After I stopped working, we now take the Standard Deduction every year (although I still pay charitable contributions, property taxes, a small bit of mortgage interest, and DW's significant state income tax every year)

FWIW, I have never encountered the AMT during working or non-working years.

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Old 11-02-2014, 01:54 PM   #10
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Kaneohe, I think you are right, mortgage interest that you used to acquire or substantially improve the property can be deducted. I read too many articles and was a bit confused. AMTadvisor is an excellent site for this topic. I looked at form 6251 but have not tried to fill it out yet.


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Yep. I have to divide my refi into original purchase, $100k home equity loan, and investment loan portions. AMT accepts original purchase and investment interest deductions but no additional home equity amounts. I use the $100k home equity amount in standard taxes for ease of filing, but if AMT is in play I have to include the $100k as investment expenses. Which it is, in a special account. It just requires that I show enough dividend income to cover the interest expense, which is annoying for a total return investor.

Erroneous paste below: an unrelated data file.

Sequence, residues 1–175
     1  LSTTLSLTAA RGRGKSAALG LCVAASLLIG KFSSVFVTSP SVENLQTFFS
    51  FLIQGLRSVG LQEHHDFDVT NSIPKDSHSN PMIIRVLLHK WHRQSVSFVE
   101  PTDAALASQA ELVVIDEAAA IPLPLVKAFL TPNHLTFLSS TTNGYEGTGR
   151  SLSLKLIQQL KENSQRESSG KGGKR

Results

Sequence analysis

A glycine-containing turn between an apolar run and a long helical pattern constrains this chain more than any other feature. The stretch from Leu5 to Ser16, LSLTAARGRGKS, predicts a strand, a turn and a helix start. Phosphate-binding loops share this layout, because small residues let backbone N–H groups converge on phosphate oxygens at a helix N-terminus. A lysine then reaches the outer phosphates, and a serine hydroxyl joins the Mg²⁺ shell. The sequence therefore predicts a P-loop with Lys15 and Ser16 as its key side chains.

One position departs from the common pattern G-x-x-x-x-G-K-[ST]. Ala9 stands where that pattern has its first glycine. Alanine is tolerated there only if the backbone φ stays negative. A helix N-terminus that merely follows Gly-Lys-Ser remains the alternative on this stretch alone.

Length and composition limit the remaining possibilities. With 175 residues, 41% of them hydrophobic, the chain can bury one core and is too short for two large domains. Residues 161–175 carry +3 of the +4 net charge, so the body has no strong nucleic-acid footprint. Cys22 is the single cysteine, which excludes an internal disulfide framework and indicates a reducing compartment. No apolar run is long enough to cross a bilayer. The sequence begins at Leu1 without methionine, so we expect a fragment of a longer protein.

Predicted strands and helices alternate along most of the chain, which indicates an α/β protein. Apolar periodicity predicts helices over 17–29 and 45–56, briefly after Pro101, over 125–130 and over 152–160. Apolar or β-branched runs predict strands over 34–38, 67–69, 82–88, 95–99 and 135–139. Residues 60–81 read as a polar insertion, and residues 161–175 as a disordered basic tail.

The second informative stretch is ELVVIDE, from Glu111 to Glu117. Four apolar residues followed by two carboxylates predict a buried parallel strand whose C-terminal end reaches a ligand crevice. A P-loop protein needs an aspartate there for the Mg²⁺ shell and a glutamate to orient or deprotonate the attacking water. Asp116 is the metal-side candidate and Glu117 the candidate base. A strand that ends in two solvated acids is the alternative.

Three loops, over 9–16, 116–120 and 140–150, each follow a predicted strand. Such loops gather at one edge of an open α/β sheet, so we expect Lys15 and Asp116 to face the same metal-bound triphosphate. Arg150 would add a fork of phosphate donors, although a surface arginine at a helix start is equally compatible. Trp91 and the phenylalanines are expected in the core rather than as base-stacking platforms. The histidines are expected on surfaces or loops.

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Old 11-03-2014, 12:36 AM   #11
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Frankly, I'm not concerned for those of you with paying AMT in retirement.
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Old 11-03-2014, 05:42 AM   #12
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Do you think that you will still be itemizing expenses (ie Schedule A) when you are retired?

After I stopped working, we now take the Standard Deduction every year (although I still pay charitable contributions, property taxes, a small bit of mortgage interest, and DW's significant state income tax every year)
...
-gauss
My property tax alone exceeds the standard deduction, so I expect we'll always itemize.